Many companies, individuals, and services exist to assist author-entrepreneurs with the self-publishing process, at various costs, so you can heave a sigh of relief: You aren’t expected to figure it all out yourself. (Whew!) What that looks like is different for everyone. Some people hire a project manager to oversee the process and hire individual contractors. Some people hire a copy editor and a designer. Some people hire a proofreader. Some people hire all three of those people, and more.
"Many companies, individuals, and services exist to assist author-entrepreneurs with the self-publishing process." (Tweet)
Does it seem like it would be easier to hand the process over to a publisher and call it a day? Self-publishing has pros and cons. Let’s walk through some of the big ones.
So much falls into the “pro” column, but the biggest is control. As an entrepreneur, you know how critical your brand is. Your book is an extension of that brand, so you want to be in control of the book on every level: the product, the time line, the marketing plan, and more. You want to choose your cover designer — and the final design. You want to decide when the book will launch and what you will do to promote it on (and beyond) launch day.
Your book can be a passive income stream, particularly as time goes on. (Tweet)
Another big pro is financial. Your book can be a passive income stream, particularly as time goes on. (Once it’s out there in the world, it stays there. People can always find your book in an Amazon search.) When you self-publish, you keep much more of your profit. Traditional book publishing contracts are written in favor of — surprise! — the publishing house, not the author. Many authors earn just 10% of each book sold — and that’s after they’ve “earned back” any money that was paid up-front in the form of an advance. (The full term is “advance against royalties.” Let’s say a publisher offered you a deal that included a $5,000 advance and then 10% royalties after the advance “earned out.” That If your book retails for $10, that means you’re looking at $1 per book sold — AFTER the first 5,000 books sell. Tricky business!)
The flip side of having control, of course, is that you have much more work to do to keep the project moving forward than someone being published traditionally does. (More on that process in next week’s blog.) You already have a full plate.
(As someone who self-published myself, I don’t necessarily see this as a con. I knew how I wanted to position my book, and I was willing to do the work, so it made sense for me to self-publish. It didn’t hurt that the self-publishing process through Amazon is pretty foolproof.)
With regard to money, there definitely are more up-front expenses with self-publishing, as you’re paying for your team and marketing. (Don’t be fooled, though: MANY author-entrepreneurs hire editors and spend money marketing even if they publish traditionally. So it’s not necessarily an either-or situation. Unless you’re Tom Clancy or Brene Brown, you aren’t getting a six-figure marketing budget from a publishing house. Those days are long gone, publishing folks will tell you.)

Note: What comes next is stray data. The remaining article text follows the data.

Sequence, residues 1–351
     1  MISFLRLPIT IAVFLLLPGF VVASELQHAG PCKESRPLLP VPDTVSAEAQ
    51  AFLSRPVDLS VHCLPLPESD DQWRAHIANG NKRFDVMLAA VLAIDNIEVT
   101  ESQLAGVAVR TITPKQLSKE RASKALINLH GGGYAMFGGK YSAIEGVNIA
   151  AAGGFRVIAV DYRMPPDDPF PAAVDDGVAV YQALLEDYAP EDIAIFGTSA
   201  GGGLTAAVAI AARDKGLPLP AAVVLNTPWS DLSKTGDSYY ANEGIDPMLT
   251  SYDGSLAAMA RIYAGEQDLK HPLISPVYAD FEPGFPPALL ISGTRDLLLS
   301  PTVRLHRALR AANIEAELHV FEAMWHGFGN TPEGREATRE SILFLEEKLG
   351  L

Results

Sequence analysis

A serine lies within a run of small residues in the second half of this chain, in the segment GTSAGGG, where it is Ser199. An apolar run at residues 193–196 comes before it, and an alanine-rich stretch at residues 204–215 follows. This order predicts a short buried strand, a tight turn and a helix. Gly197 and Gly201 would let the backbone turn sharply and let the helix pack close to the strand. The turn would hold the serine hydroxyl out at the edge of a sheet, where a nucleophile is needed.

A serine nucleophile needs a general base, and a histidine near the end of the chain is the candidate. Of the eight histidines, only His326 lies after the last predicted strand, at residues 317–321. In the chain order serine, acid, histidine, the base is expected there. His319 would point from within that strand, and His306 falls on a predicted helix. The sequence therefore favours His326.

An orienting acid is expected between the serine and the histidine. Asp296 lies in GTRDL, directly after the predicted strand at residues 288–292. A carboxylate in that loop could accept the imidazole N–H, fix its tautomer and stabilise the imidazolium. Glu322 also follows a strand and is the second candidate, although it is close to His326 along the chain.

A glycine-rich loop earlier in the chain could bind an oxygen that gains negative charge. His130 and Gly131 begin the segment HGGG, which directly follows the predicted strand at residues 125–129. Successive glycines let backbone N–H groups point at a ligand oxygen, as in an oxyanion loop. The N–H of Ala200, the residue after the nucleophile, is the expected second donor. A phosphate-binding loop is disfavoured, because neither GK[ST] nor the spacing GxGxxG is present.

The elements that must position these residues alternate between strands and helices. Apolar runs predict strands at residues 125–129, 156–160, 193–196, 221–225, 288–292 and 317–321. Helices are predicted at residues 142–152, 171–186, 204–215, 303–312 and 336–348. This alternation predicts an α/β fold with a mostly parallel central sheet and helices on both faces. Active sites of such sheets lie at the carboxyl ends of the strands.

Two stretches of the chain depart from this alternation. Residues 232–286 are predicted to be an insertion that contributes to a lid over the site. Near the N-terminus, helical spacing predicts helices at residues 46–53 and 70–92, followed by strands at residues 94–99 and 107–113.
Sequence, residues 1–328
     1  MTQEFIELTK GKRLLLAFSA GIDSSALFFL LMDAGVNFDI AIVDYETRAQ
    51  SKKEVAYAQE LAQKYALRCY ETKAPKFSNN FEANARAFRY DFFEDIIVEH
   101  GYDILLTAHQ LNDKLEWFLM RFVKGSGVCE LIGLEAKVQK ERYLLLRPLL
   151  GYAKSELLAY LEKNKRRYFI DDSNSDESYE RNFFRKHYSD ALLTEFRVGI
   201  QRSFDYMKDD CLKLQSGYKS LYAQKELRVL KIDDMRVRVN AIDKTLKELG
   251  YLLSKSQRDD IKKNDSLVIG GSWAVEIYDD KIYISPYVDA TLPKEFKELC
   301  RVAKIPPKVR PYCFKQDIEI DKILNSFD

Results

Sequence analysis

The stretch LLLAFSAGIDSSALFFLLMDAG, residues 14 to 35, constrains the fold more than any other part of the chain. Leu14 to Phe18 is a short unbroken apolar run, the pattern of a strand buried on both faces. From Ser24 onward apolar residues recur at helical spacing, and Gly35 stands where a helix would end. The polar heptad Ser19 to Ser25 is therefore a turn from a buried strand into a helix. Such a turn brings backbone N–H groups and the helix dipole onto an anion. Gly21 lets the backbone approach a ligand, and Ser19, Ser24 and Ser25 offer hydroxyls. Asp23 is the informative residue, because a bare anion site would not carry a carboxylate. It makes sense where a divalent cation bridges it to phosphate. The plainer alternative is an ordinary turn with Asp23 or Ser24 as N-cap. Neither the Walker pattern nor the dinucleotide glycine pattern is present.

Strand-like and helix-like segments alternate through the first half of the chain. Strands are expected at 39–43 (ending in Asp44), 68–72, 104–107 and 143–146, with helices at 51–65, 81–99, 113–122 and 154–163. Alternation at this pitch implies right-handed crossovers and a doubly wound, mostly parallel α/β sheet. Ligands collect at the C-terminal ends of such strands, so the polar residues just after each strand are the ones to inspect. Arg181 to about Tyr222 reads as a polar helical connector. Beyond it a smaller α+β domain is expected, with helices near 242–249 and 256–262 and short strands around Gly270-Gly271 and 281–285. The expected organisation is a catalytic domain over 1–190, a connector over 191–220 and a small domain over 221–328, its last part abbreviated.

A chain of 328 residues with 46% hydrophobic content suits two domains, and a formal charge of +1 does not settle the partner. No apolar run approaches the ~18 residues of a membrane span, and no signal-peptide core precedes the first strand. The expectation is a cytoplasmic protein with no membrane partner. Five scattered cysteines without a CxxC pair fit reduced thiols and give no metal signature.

MANY author-entrepreneurs hire editors and spend money marketing even if they publish traditionally. (Tweet)
When you self-publish, you need a team of experts in order to produce a professional book. You’re an expert at whatever your business is; you want to hire experts in book editing, design, and launching/marketing. Everyone has a zone of genius!
It used to be that you could pick a self-published book out quickly when placed next to a traditionally published book, because the cover looked amateur, the paper quality was not great, and it was riddled with typos because the author had not hired a proofreader, let alone an editor. That’s no longer the case (thank goodness!) and today, self-publishing is a respected path to publication. One of the biggest reasons for that is that so many self-published authors today take the publishing process seriously and realize that they need help from publishing professionals. They hire editors, cover designers, and other professionals to produce a top-quality product. Publishers have also stepped up their game as far as paper quality, cover paper material, and more.
When you self-publish, you need a team of experts in order to produce a professional book. (Tweet)
Entrepreneurs often know that they SHOULD publish a book to help up-level their business but the process seems so daunting. I explain all the time that it isn’t difficult; it’s just unfamiliar. Don’t let that stop you!